Improved quality of life, yet Afghans pessimistic on security: A lesson to be learned
By David Howe
This article was contributed by a PoliceOne Sponsor and does not necessarily represent the perspective of P1 or its staff.
Security is a priority in the lives of all people. I think about times I’ve had when traveling where I was in a part of the world where I did feel secure. I could not imagine feeling that way at home.
I live in New York and am in NYC quite a bit. The presence of the NYPD in such a moving, diverse city offers a sense of security. In the case of the NYPD, knowing the immense resource that are in the war on terrorism gives a sense of security for all who live there, as well as for all who visit.
Improvements in the availability of services such as health care, education, and water have led to optimism among many Afghan people. The number of girls enrolled in school has increased from 5,000 prior to the fall of the Taliban government to over 2.4 million. Yet, with all of these improvements in the quality of life in Afghanistan, there is still pessimism expressed by a growing number of Afghans, 35 % saying that their country is moving in the wrong direction.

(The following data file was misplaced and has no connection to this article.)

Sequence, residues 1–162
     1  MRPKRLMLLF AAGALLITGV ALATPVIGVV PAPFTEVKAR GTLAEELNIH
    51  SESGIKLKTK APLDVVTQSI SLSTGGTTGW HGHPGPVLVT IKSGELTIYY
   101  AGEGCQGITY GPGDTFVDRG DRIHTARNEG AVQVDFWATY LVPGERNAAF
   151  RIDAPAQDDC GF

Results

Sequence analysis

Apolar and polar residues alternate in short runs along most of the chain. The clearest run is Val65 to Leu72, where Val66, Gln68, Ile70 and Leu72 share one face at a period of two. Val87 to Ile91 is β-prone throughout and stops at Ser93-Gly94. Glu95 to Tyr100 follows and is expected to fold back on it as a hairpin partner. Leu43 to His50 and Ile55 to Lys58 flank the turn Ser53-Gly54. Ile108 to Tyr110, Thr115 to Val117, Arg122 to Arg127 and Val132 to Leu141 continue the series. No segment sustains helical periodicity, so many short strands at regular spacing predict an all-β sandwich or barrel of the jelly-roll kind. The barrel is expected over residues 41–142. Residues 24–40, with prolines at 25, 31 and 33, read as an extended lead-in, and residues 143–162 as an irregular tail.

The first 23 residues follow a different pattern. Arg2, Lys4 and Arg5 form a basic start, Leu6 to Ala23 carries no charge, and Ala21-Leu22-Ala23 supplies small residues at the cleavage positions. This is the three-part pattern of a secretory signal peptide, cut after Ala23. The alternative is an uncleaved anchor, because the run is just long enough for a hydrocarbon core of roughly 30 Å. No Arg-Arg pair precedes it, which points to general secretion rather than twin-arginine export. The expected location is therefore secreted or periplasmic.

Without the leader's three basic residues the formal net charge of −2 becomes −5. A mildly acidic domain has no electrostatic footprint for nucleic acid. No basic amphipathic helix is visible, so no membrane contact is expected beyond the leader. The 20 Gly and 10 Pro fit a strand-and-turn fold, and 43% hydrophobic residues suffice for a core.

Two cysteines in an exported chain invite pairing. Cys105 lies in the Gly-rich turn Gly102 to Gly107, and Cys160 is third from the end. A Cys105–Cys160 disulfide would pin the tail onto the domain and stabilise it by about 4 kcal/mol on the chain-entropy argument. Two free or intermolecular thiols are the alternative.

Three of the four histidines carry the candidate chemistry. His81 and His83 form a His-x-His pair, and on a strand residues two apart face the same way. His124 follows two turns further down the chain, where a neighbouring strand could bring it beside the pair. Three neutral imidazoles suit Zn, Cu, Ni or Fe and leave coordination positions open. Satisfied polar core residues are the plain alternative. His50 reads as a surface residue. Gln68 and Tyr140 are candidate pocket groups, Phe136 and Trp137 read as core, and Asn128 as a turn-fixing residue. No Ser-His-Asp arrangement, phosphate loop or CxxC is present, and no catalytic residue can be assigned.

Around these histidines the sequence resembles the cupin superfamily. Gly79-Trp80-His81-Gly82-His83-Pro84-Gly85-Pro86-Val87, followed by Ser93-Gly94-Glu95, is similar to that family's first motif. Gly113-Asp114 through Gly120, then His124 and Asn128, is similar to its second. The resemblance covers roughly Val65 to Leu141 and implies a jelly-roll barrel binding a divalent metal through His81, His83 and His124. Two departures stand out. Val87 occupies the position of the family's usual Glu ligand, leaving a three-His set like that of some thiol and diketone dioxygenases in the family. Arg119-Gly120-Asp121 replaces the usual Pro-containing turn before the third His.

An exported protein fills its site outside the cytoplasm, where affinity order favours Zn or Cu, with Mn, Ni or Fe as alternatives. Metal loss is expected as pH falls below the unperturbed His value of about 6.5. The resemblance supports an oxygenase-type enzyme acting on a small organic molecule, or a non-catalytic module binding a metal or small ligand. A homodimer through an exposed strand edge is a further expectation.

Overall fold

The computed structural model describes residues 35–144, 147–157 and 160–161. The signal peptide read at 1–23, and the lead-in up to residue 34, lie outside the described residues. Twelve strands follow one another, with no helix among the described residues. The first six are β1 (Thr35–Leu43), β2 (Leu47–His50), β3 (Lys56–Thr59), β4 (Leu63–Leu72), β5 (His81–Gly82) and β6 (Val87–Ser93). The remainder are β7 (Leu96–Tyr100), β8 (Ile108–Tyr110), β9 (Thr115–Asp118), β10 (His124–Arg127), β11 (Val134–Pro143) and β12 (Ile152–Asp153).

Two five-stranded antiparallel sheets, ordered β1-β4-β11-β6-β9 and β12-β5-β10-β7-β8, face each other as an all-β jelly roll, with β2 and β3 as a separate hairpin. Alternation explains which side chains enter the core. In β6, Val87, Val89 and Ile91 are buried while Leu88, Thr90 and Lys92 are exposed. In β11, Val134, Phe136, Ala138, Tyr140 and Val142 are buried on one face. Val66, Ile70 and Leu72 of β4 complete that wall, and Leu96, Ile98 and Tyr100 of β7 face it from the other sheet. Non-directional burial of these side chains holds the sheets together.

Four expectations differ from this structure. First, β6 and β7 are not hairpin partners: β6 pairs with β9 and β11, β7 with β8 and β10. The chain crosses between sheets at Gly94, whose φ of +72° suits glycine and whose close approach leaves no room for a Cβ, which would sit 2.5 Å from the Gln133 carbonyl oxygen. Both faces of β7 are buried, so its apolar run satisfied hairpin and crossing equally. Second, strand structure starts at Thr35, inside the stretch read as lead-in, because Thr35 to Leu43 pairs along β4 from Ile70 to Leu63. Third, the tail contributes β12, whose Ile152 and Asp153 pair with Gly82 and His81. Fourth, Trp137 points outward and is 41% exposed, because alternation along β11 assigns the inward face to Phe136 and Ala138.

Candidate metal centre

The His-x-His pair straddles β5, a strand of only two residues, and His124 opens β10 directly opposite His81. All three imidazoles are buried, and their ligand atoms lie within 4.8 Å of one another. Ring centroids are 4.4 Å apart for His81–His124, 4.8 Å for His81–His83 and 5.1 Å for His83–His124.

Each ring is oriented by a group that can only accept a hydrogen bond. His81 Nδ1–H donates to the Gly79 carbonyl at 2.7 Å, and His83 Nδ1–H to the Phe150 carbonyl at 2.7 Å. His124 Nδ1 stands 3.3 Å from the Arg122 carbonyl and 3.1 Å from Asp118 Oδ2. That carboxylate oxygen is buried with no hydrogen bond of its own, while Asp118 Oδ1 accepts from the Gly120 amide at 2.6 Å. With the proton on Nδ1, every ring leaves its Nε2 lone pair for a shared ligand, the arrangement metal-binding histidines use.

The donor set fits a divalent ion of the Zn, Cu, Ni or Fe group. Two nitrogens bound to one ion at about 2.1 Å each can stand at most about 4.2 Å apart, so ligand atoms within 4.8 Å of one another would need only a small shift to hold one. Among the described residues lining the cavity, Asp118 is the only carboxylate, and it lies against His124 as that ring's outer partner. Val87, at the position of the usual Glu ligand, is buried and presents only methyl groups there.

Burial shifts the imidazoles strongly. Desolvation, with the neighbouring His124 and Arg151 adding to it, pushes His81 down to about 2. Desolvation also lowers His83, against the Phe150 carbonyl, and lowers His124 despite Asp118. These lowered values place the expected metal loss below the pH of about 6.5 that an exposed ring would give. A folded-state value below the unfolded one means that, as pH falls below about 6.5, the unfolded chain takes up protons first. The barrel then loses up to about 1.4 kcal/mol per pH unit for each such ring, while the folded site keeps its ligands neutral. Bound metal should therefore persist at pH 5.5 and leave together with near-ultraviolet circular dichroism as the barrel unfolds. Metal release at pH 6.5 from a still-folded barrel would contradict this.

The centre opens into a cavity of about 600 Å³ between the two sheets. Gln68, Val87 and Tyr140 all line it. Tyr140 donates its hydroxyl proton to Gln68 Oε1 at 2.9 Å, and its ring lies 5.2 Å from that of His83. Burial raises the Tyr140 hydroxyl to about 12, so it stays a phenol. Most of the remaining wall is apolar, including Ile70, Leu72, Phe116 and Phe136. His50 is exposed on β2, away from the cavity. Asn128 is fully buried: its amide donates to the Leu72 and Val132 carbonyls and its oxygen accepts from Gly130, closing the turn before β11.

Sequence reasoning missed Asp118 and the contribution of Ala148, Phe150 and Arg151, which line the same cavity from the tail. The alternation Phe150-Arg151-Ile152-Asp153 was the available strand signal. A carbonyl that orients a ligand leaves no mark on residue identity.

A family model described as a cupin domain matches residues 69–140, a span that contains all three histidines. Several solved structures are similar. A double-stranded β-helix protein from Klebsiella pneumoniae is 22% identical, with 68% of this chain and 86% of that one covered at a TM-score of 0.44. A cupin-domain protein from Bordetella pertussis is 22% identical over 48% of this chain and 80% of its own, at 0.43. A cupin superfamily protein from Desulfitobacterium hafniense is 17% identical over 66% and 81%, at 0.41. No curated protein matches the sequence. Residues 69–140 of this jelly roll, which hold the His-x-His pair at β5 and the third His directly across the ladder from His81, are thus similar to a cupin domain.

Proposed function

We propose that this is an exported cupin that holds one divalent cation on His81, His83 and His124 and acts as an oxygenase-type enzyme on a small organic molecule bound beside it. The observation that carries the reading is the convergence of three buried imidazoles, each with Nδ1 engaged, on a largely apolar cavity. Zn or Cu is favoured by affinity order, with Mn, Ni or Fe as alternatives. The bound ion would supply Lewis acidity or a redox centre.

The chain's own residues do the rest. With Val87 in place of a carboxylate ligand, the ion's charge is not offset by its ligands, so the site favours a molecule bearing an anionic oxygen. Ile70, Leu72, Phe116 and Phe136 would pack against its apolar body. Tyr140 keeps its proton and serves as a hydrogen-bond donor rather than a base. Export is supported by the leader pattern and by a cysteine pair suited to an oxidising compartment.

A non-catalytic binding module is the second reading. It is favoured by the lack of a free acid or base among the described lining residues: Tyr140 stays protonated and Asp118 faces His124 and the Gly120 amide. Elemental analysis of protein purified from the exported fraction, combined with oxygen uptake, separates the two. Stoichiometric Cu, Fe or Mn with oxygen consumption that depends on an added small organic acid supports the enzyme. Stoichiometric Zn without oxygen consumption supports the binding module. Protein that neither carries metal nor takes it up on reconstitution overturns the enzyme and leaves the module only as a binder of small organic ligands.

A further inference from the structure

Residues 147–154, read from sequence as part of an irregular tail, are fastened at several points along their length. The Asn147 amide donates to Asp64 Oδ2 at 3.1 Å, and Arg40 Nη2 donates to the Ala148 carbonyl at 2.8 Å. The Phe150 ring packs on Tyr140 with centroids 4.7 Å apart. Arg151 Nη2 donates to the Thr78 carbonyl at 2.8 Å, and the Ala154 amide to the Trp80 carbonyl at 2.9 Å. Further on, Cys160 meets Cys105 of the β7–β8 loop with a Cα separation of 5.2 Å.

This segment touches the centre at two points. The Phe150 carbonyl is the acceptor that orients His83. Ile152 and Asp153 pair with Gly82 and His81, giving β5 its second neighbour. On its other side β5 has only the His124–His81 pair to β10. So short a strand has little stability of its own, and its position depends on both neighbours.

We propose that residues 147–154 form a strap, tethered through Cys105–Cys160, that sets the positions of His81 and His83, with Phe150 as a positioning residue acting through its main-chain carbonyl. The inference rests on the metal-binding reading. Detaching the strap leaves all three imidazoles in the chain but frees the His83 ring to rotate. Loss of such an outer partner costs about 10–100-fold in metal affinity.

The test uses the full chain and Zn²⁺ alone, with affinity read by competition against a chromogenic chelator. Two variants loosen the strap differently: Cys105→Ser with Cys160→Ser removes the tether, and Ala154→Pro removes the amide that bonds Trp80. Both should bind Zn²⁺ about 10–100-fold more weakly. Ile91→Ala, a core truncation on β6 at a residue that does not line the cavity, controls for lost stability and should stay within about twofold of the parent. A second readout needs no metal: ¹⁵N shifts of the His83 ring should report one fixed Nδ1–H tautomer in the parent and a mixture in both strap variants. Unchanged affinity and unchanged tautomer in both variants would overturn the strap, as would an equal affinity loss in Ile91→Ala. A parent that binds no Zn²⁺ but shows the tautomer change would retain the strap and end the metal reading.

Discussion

The main reason cited for the higher pessimism: lack of security.
At CJ we work with supporting tactical communication systems, which have a common goal of providing secure communication. Our tactical headsets, available in assorted variations from standard ear cup to in-ear speaker-microphone versions, all providing reliable audio for secure communication.
There is a balance among having security forces providing security that makes one feel secure. I believe that the NYPD does a good job in maintaining this balance, not overstepping the bounds of freedom for the people they serve.
President Karzai favors reaching an agreement with the US to allow for American military bases to remain in the country past NATO’s 2014 date for ending its military mission. The Afghan leader said the US would have to agree to end a number of its practices – carrying out night raids, invading Afghan homes, detaining Afghan citizens – that he said he could not support as the head of a sovereign nation.
The military practices Karzai cited are also among the reasons average Afghans cite for feeling fearful around foreign troops. 76 percent of Afghans are fearful of encountering US and other foreign troops in the country, in contrast, 55 percent said they fear encountering the Afghan National Army.
In any case, concerns over deterioration in the country’s security don’t appear to be limited to average Afghans. Karzai himself seemed to second his people’s pessimism over security conditions when he opted to take a helicopter – rather than risking a car ride on the capital’s streets – to get to the loya Jirga, or grand council.
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